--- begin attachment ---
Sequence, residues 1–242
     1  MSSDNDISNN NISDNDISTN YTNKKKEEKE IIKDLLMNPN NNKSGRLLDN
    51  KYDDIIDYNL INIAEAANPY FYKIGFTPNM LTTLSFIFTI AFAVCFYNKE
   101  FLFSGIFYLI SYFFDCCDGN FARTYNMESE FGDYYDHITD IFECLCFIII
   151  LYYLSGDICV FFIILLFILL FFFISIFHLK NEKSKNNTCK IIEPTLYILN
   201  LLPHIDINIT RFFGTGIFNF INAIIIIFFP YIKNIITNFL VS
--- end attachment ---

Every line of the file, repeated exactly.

Sequence, residues 1–242
     1  MSSDNDISNN NISDNDISTN YTNKKKEEKE IIKDLLMNPN NNKSGRLLDN
    51  KYDDIIDYNL INIAEAANPY FYKIGFTPNM LTTLSFIFTI AFAVCFYNKE
   101  FLFSGIFYLI SYFFDCCDGN FARTYNMESE FGDYYDHITD IFECLCFIII
   151  LYYLSGDICV FFIILLFILL FFFISIFHLK NEKSKNNTCK IIEPTLYILN
   201  LLPHIDINIT RFFGTGIFNF INAIIIIFFP YIKNIITNFL VS